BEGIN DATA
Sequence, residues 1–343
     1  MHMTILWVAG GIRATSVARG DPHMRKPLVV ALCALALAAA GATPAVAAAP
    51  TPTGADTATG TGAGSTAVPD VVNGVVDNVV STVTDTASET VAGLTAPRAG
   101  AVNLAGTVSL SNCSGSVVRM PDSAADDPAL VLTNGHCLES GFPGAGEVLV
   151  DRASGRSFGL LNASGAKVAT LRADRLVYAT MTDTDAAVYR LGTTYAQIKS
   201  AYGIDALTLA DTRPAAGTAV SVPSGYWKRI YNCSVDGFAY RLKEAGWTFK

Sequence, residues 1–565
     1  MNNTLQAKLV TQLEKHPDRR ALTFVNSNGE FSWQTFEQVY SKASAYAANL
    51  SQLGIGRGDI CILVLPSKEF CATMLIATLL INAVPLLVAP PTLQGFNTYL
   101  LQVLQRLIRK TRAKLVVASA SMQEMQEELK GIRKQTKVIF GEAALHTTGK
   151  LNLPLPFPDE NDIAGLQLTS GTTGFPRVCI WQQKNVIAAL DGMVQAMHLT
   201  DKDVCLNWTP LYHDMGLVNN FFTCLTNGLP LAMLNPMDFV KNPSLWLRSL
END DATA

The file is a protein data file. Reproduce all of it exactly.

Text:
Sequence, residues 1–343
     1  MHMTILWVAG GIRATSVARG DPHMRKPLVV ALCALALAAA GATPAVAAAP
    51  TPTGADTATG TGAGSTAVPD VVNGVVDNVV STVTDTASET VAGLTAPRAG
   101  AVNLAGTVSL SNCSGSVVRM PDSAADDPAL VLTNGHCLES GFPGAGEVLV
   151  DRASGRSFGL LNASGAKVAT LRADRLVYAT MTDTDAAVYR LGTTYAQIKS
   201  AYGIDALTLA DTRPAAGTAV SVPSGYWKRI YNCSVDGFAY RLKEAGWTFK

Sequence, residues 1–565
     1  MNNTLQAKLV TQLEKHPDRR ALTFVNSNGE FSWQTFEQVY SKASAYAANL
    51  SQLGIGRGDI CILVLPSKEF CATMLIATLL INAVPLLVAP PTLQGFNTYL
   101  LQVLQRLIRK TRAKLVVASA SMQEMQEELK GIRKQTKVIF GEAALHTTGK
   151  LNLPLPFPDE NDIAGLQLTS GTTGFPRVCI WQQKNVIAAL DGMVQAMHLT
   201  DKDVCLNWTP LYHDMGLVNN FFTCLTNGLP LAMLNPMDFV KNPSLWLRSL